I hurried my pace towards the trees. Under the circumstances speed was necessary. Burying Hedges as well had taken up time. Blood was all over my shirt and my feet were starting to ache. I let out a hissing sound like a serpent as the pain was increasing. I'd stop and rest in the trees. The moon was high in the sky but I still left the torch on as I approached that dark place. I threw myself down at the foot of a tree and wondered what it actually meant to be alive. There were leaves that had fallen to the ground around where I sat. I was afraid. This place felt like my cemetery and I pressed my knuckles into the dirt like roots. There seemed in my mind a door in this place between two worlds. Something in the air and earth was noticeable. I could feel my teeth grinding together. Saliva dribbled out onto my chin. How many sons? Two. I rose from the ground noticing that there was fur on my shirt. Instead of brushing it away I left it there. The clothes were going in the bin anyway. There were no sounds in the trees as I began walking my way home. I stopped suddenly. Something ahead of me moved and I quickly hid. It was a person, I was sure. Time would tell and I stuck my head out to have a look. It was indeed a person. I dared not approach them. The figure didn't seem to notice me. It was just the silhouette of a body with nothing discerning about it. What it was doing was unknown to me. By the way it was moving it was dragging something. It moved out of my sight and I took the chance to make my way out of the area. At first I moved away slowly, carefully, looking around intermittently to see that I was alone, that no one else was near. The cover of the trees was coming to an end. Ahead of me was the creek and then I'd be safe at home. A thought occurred to me. Could it have been dad looking for me? Too late for that now. As soon as I was in the open I ran. My breathing was rapid when I crossed the bridge not daring to look behind me. I'd never felt this scared before, the pounding of my feet, the movement of my body all added to the thrill. Nearer to the house I stopped and dared to look behind me. Nothing. All was quiet expect for my breathing. I turned back to the house and went to the back door. I took the key out of my pocket and was about to unlock the door when I remembered I hadn't locked it in the first place. I turned the handle and entered the house.
I took a garbage bag from the kitchen and went to my room where I undressed and put the soiled clothes in the bag and under the bed. Without bothering to shower I put my pajamas back on and climbed into bed.
In the morning I just lay in bed for a time, you know how it is. All I needed now was to drag myself to the kitchen for some breakfast but first I checked my face in the bathroom. There was grime on both my hands and face so I washed them. There seemed a month's worth of dirt on my hands. Soap had become my little friend over the last twenty four hours and soon the dirt was gone, washed away like answers to a puzzle not yet completed and deposited in a sea of ideas. I thought of the figure in the trees.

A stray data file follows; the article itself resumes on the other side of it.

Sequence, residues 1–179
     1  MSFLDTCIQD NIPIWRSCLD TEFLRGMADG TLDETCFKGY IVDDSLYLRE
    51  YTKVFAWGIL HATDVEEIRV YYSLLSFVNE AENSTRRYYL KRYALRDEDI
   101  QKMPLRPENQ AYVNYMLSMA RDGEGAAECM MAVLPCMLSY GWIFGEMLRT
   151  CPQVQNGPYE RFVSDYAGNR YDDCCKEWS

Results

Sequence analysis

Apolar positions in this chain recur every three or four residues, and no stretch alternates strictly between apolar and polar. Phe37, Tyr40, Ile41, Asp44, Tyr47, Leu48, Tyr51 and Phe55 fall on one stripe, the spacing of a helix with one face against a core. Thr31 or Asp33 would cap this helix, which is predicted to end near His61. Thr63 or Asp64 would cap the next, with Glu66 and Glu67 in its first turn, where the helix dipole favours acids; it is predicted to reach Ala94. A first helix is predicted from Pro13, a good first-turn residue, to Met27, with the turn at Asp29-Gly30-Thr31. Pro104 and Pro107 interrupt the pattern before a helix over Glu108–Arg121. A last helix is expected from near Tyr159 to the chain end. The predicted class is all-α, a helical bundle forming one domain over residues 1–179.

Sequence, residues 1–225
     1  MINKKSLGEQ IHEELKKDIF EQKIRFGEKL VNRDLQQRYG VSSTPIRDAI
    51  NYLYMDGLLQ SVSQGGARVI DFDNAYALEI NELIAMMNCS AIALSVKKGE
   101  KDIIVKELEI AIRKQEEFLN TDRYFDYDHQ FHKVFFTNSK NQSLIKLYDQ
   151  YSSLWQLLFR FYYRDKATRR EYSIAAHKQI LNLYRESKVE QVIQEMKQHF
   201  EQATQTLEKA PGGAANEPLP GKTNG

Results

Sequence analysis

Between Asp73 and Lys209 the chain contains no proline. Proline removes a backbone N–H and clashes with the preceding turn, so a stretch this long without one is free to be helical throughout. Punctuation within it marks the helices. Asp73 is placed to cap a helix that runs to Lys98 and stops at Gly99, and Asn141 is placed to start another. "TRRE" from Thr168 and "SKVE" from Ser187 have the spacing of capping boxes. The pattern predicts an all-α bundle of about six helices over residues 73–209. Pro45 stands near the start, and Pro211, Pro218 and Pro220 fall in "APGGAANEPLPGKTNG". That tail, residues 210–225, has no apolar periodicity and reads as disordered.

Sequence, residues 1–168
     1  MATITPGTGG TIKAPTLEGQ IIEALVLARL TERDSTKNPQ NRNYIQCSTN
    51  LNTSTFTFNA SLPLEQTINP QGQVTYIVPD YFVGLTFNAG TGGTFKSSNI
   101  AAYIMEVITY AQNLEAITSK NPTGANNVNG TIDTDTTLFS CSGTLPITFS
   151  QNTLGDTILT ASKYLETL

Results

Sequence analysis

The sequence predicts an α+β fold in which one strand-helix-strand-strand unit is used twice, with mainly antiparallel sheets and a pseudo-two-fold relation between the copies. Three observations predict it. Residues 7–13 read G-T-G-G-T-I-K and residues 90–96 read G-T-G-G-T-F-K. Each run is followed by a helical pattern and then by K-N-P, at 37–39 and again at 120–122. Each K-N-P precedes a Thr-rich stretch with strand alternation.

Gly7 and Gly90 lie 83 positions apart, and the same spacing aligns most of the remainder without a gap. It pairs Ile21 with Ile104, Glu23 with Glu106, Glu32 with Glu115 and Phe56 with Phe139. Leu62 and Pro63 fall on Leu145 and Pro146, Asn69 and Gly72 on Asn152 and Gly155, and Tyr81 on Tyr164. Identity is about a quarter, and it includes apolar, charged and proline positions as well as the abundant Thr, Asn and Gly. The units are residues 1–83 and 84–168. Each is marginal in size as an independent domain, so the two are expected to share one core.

“Speed it up in there.” It was dad. His voice startled me. He probably thought I was masturbating.
“Yeah.” I said in an offended tone.
“Now.” He said. I got the feeling I was in trouble. I went out to see dad. He was standing outside the door. His eyes looked wild. There was dirt on the floor.
“Did you do this?” He said pointing to the mess.
“No.” I lied. The truth was that I didn't remember.
“That's not entirely true is it?” And he walked away.
I went and changed into a T-shirt that had a cartoon apple on it that read, “Let's play William Tell.” I was only half rested from my nocturnal activities as I made up the bed. Blood had oozed into the gauze around one of Banshees bites, her jaws had been strong. I had to give her points for that, and then some. Still I bet I split her skull in two. A smile crossed my face. I had been an adventurous night but I wouldn't want to get used to it, not for anything. I left the garbage bag of clothes under the bed; I'd dispose of it later that night, putting the pieces of clothing in the trash under cover of dark. The house was filled with silence and feelings of guilt that I suspected were rooted in some deep paranoia. The feeling was broken by the sound of my father whistling. I listened almost expecting a chorus to join in. Whatever the tune he was making a hash of it. It was almost as though the tune were being made in some unnatural way and worst of all, it sounded insane. Then suddenly,
“Alan!” He yelled with a mixture of anger and confusion. A yell I had never heard from him before.
“Alan!” This time it was a scream. Not knowing what was happening, I ran for the back door and kept running.